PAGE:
I just don’t see how PINs could have been compromised. According to the initial reports, the data breach included only swiped transactions, not transactions done online. This would indicate that the only information breached was information contained on track 1 and track 2 of the magnetic strip on the back of the card. The PIN isn’t on the magnetic strip. In fact, putting the PIN on the magnetic strip would defeat the whole purpose of assigning a PIN to a card.
A PIN is only used when someone goes to an ATM or a bank teller and takes a cash advance on their credit card. This can’t be done at the retail level. It’s why stores such as Target don’t even give you the option of getting cash back when you pay with a credit card like they do when you pay with a PIN based debit card. Cash advances are at a much higher interest rate then purchases and in most cases, there is no grace period. Interest begins to accrue at the time of the cash advance.
The other day I did some testing on my own credit cards to see what data is on the magnetic strip. I tested three cards, two Visa cards and a Mastercard, and read track 1 and track 2 with a MagTek reader. Track 1 contained the card’s account number, my name, the expiration date, a 3-digit service code that has to do with what type of transactions are allowed, and discretionary data, information used solely by the issuer of the card. Track 2 contained the same information as track 1, except it didn’t include my name.
I read on Wikipedia that discretionary data may contain the CVV2 or the CVV security code, but none of my cards had this.
If you’ve used your credit card at Target since Black Friday, you’ll need to keep an eye on your credit card statement to make sure there aren’t any unauthorized purchases. Target announced earlier today that they’ve had a massive credit card data breach. According to Target, the breach happened to customers using their credit and debit cards in U.S. stores from November 27 to December 15, 2013. The data breached included customer name, credit or debit card number, the card’s expiration date, and the security code, the three or four digit code either on the back or the front of the card.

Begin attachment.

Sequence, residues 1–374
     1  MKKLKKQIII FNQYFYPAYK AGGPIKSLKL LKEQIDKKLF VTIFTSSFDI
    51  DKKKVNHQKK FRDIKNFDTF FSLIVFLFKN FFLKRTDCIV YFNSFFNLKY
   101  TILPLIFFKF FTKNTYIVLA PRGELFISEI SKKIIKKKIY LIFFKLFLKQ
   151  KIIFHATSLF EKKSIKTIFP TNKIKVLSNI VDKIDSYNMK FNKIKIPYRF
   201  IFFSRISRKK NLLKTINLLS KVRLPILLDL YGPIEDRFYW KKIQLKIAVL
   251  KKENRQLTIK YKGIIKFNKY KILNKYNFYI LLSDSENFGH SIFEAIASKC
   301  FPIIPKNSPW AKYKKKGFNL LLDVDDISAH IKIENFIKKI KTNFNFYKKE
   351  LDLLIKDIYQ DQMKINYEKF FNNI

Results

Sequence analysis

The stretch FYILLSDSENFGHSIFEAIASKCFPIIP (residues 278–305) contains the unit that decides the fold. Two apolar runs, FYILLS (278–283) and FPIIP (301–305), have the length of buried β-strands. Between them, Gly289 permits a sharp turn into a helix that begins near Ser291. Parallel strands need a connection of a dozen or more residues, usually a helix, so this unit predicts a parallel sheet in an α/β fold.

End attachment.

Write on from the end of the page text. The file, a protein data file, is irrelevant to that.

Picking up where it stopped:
It doesn’t make sense that if there was a data breach involving U.S. stores why the security code would be compromised. The fact that it happened in the physical stores and not online, would indicate that the breach involved only swiped transactions. When a credit card is swiped, the card reader obtains information from track one and track two on the card’s magnetic strip. This information includes the cardholder’s name, the credit card number, and the expiration date. That’s it. Track one and track two data doesn’t contain the security code. This code only appears physically on the card, either on the back, or in the case of American Express, the front. Furthermore, the security code is only processed on mail order/telephone order (MOTO) or e-commerce transactions. It’s not processed on retail, face-to-face transactions.
The fact that Target is saying that security codes were also breached would indicate they really don’t know what’s going on, they don’t know how the breach happened, and they’re just making stuff up.